A Modest Primer on Polish Film

AshesThe following text was adapted from the “Poland In Depth” section of “Frommer’s Best of Poland,” a guidebook I wrote in 2010. You can find a link to purchase the book from Amazon here.

Film is a great (if arguably insufficient) gateway to understanding a culture. While I’m not an expert on Polish film (and please take everything I write here with a grain of salt), I’ve been a big fan of Polish movies ever since I saw classics like ‘Man of Marble’ and ‘Ashes and Diamonds’ at graduate school in the 1980s.

At that time, Poland was mired deep within the Eastern bloc and Polish filmmakers were considered the most daring among the Eastern European countries at exposing the underlying contradictions within communism. Given the historical context, the films struck me as arty and daring.

Too Moralistic?

I have to confess these days, though, that much of Polish film leaves me cold. The strong moral (and even nationalist) tone that pervades films like ‘Ashes and Diamonds’ and gives them their force doesn’t work as well with Poland being free, democratic and a member of the European Union. The times call for lighter and wittier films and all too often Polish films still give us that traditional stark choice between right and wrong that seems more appropriate to a previous era.

For example, at the Febiofest film festival in Prague earlier this year, I had the opportunity to see the modern, award-winning Polish film ‘Manhunt‘ (Obława) (2012) by an emerging director, Marcin Krzyształowicz. It’s a WWII thriller about Polish partisans and their fight against the Nazis and homegrown Polish collaborators, but the film is hurt by the cardboard characterization of the main character, a fighter in the Polish Home Army (who it turns out in the end is too noble to kill turncoat women or children). Great for Polish mythmaking, but too cornball for good cinema.

That said, there is a lot to like about the country’s film legacy. No fewer than three of the world’s great postwar directors are Polish: Roman Polański, Krzysztof Kieslowski and Andrzej Wajda.

Best Known Is Probably Polanski

Of the three, Polański is probably the best-known abroad (though Kieslowski rates a close second), both for his films and his tragic and stormy personal life, including living through the brutal murder of his pregnant wife, Sharon Tate, in 1969 by members of the Charles Manson gang and by a conviction in the U.S. in 1977 for allegedly having sexual relations with a 13-year-old girl.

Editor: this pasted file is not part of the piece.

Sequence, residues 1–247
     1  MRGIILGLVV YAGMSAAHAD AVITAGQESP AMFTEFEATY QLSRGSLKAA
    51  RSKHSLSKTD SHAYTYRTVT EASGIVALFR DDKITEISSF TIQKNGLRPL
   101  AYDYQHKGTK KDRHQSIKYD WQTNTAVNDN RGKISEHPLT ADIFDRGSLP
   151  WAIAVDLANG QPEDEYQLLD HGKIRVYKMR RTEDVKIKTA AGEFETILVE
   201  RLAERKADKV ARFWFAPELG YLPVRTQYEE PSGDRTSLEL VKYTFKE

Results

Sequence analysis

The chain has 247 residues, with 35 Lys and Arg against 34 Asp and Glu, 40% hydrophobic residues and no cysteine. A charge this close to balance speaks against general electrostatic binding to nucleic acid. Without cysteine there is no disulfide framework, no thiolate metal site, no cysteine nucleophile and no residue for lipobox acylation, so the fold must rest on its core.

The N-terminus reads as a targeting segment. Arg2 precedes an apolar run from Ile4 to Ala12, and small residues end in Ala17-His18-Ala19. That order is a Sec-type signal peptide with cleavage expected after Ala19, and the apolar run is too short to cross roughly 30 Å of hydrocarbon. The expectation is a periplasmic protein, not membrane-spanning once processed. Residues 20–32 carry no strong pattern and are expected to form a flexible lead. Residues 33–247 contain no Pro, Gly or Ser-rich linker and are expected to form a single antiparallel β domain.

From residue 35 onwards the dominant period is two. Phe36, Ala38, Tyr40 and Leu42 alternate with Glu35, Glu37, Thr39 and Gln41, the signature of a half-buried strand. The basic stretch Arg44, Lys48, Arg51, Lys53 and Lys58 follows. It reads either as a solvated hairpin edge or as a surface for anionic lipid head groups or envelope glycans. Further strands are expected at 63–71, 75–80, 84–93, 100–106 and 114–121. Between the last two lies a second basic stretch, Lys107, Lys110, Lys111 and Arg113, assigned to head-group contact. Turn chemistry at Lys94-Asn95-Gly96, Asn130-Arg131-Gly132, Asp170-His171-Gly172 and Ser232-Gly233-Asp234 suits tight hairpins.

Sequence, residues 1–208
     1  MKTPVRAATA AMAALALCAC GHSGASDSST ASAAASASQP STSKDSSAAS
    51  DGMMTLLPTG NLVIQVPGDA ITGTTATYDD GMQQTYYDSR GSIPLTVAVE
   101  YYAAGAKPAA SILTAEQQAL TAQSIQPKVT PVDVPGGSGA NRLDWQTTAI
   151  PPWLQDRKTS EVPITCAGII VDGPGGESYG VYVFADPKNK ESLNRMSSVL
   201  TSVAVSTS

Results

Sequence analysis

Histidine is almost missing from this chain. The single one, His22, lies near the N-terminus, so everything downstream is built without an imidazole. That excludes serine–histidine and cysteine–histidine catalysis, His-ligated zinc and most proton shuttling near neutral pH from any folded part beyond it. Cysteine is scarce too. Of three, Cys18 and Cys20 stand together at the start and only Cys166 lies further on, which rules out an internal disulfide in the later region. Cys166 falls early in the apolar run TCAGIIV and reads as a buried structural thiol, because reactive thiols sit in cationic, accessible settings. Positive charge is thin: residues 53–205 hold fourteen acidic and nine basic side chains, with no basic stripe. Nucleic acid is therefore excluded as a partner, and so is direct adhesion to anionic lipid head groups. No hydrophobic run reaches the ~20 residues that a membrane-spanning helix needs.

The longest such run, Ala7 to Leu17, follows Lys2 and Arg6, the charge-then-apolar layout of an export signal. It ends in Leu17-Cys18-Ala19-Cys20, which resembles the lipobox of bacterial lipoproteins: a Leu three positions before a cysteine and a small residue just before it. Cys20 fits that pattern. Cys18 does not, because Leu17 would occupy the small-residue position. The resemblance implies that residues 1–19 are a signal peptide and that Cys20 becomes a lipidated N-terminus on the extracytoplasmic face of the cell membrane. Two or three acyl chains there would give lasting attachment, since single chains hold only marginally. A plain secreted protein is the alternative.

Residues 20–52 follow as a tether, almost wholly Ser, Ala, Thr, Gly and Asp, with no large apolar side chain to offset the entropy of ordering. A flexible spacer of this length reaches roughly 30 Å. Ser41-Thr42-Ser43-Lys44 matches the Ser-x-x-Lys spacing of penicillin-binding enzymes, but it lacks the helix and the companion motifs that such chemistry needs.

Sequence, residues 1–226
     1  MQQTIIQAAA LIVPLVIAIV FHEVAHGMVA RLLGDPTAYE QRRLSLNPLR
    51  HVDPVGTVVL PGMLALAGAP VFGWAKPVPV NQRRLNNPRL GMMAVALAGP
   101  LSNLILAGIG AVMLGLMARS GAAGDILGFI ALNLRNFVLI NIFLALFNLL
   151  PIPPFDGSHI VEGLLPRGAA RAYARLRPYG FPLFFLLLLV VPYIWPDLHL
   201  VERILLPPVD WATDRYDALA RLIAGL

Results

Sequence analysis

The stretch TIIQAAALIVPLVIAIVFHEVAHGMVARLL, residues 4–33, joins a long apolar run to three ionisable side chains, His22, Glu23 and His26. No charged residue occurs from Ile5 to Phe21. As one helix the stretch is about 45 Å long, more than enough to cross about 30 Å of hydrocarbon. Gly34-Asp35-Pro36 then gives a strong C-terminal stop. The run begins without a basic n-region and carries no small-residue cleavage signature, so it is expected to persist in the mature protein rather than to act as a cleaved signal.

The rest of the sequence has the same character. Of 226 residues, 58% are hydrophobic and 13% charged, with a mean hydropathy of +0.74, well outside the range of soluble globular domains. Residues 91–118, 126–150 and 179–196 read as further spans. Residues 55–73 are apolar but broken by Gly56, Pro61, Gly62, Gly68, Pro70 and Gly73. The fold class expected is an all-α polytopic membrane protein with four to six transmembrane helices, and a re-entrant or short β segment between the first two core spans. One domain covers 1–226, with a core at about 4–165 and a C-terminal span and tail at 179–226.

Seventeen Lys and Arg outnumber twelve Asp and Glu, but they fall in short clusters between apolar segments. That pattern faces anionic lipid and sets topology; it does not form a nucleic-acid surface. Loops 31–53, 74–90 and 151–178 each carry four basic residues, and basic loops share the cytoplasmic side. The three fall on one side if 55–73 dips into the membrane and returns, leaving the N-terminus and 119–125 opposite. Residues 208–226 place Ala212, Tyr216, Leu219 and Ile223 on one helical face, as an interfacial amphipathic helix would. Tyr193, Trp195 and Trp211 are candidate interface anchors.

Polański’s films typically have a dark and sinister feel that appeals to me. His breakout film was 1962’s ‘Knife in the Water,’ concerning a murderous ménage-a-trois. It was received coolly by Poland’s Communist authorities but was a big international hit, securing him a filmmaking future in Great Britain and later the United States.

In Britain, Polański collaborated with French actress Catherine Deneuve to make the thriller ‘Repulsion.’ Once in the U.S. in the late 1960s he scored a series of blockbusters, including ‘Rosemary’s Baby’ with Mia Farrow (1968) and ‘Chinatown’ (1974), with Faye Dunaway and Jack Nicholson. Later hits included ‘Frantic’ (1987), starring Harrison Ford, and 2002’s critically acclaimed ‘The Pianist,’ with Adrien Brody in the lead role of Warsaw Jewish ghetto survivor Władysław Szpilman. That movie earned Polański an Oscar for Best Director.

Three Colors Mon Amour

Krzysztof Kieslowski is best known abroad for his amazing ‘Three Colors’ movies: ‘Blue’ (1993), ‘White’ (1994) and ‘Red’ (1994). Kieslowski made the films—based on the French virtues of liberty, equality, and fraternity—after he had moved to France. If you’ve never had the chance to watch them, you’re truly missing out. Everyone has a favorite. Mine happens to be ‘Blue’ and its unforgettable score, but all are worth the effort. Before the Three Colors films, Kieslowski had already earned a formidable reputation in Poland for his ironic Socialist Realist movies of the 1970s and ’80s, the best of which is probably ‘Man With a Camera’ (1979). He’s also the director of the critically acclaimed ‘Decalogue’ (1988) series (10 movies based on the 10 commandments), and the art-house favorite ‘The Double Life of Veronique’ (1991).

Andrzej Wajda may be less well known to those outside Poland, but within the country he’s widely considered the most important director to emerge after World War II. He earned his reputation in the 1950s, with unsparing movies about the war, including ‘Ashes and Diamonds’ (1957). Two films depicting life in Soviet-dominated Poland—1976’s ‘Man of Marble’ and 1981’s ‘Man of Iron’—won Wajda international critical acclaim. He’s continued to make movies in modern times and the 2007 premiere of ‘Katyń,’ which focuses on the mass execution of Polish officers in the Katyń forest by the Soviets in 1940, was Poland’s biggest film event in years. I finally got a chance to see Katyń in 2011 and it moved me to tears.

Here’s a slideshow of 12 Polish films (or films about Poland) that I can highly recommend:

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